In Eastern India, the socio-religious reform movement was spearheaded by Raja Ram Mohan Roy, a reputed linguist, and an erudite scholar born of affluent family.
Ram Mohan started his service activities from 1814 on settling at Calcutta after relinquishing his job in the East India Company. He started Atemiya Sabha in 1814 and carried on his struggle against idolatry and propagated monotheism by contributing articles in Bengali language to the newspapers.
Ram Mohan was the first to use print media for the propagation of his views and philosophy to the public and for mobilization activity. The next step was the establishment of a new society, Brahma Sabha or Brahmo Samaj in 1828.
Raja Ram Mohan advocated the principles, one ‘Supreme Being’ and the Brotherhood of Men and encouraged the followers of various religions to come together. He also refused to regard the Vedas as the last words of God and interpreted religion on the basis of reason and logic. Ram Mohan also criticized and denounced ritualism of Christianity. By incorporating the best principles of other religions he made Brahmo Samaj the advocate of humanism, monotheism and social regeneration.
He preached monotheism and waged a crusade to better the condition of women by abolishing child marriages, by encouraging ascetic widowhood and putting a stop to sati, the inhuman practice of burning the wife along with the dead husband.
He also condemned polygamy, early marriage and subjugation of women. He advocated that Western education and scientific knowledge had to be introduced in India. He supported the moves of Macaulay and William Bentinck in introducing English as medium of instruction. Ram Mohan took the socio-religious reform as a necessary step in the direction of nation building. He was a democrat to the core and an internationalist.
Ram Mohan was not free from defects, but he stands as the first luminous star on the intellectual firmament of the 19th century. He breathed his last in 1835 at Bristol in England. The Brahmo Samaj’s influence began to decline after Ram Mohan Roy’s death but its influence was revived by Devendranath Tagore and Kesab Chandra Sen.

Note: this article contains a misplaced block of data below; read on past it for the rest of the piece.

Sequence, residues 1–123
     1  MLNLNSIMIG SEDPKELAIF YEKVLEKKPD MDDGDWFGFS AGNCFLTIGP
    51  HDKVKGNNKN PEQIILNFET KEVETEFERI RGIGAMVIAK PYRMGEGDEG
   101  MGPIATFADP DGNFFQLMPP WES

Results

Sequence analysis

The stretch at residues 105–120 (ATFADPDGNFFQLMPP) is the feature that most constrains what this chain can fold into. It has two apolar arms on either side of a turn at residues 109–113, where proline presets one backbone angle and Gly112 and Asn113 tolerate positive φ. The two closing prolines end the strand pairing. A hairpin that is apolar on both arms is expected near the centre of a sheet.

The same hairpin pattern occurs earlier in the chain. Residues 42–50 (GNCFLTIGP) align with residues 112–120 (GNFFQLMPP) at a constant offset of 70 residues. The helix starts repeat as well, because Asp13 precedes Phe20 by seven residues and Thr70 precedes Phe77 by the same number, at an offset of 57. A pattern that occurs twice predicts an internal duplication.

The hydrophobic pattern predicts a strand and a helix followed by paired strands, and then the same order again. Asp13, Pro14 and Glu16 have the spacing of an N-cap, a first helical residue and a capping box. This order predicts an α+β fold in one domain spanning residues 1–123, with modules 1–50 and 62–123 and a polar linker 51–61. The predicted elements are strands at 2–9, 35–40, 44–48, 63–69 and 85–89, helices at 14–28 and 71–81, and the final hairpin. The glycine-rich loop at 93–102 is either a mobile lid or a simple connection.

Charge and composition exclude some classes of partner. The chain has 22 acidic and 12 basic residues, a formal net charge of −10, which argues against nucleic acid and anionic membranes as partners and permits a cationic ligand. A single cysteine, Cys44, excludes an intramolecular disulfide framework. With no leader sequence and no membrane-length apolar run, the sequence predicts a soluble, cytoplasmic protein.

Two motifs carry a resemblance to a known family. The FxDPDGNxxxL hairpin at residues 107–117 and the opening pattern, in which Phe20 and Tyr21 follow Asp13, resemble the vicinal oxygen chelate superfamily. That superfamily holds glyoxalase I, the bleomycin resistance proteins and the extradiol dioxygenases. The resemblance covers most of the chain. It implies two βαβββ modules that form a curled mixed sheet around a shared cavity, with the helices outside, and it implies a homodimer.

In 1839, Devendranath Tagore founded the Tattva Bodhini Sabha to carry on further the ideology of Brahmo Samaj and in order to stop the rapid growth of Christianity in Bengal; he advocated the development of Vedantism. Devendranath Tagore emphasized more on the indigenous language and culture of India rather than on universalism of Ram Mohan Roy.
In 1843, he established the Tattua Bodhini Patrika to propagate the new ideas of regenerated Brahmoism. It was another great intellectual of Bengal, Kesab Chandra Sen, who started a new organization known as Bharatiya Brahmo Samaj with the objective of bringing about a total social revolution.
He dedicated his life to the cause of Indian social reform especially to the uplift of women. He published a pamphlet justifying the need for widow remarriage, submitted petitions to government, rendered valuable service for the cause of woman’s education by opening 35 schools for girls, with his own money, encouraged intercaste marriages and advocated the renunciation of sacred thread. It is no exaggeration to surest that by his effort only, the Widow Remarriage Act of 1856 was passed by the government. One greater intellectual of Bengal who contributed to the great renaissance of Bengal and emancipations of woman was Pandit Ishwara Chandra Vidyasagar.
He was a great Sanskrit scholar and became the principal of the Sanskrit College in 1851. He opened the gates of Sanskrit College to non-Brahmin students. He introduced western thought as one of the subjects to be studied by the students of Sanskrit College. He was also the author of a Bengali premier which helped in the evolution of a distinct modem prose style in Bengal.
He devoted his entire life for the emancipation of women particularly by promoting the cause of higher education among women and widow remarriage. Between 1855 and 1860, nearly 25 widow remarriages took place in Bengal under his leadership. He also fought against child marriage and polygamy. The Brahmo Samaj by its efforts created a pride among the Indians by reforming the evil-ridden Hinduism and by stressing humanism as an ideal, necessary for the welfare of mankind.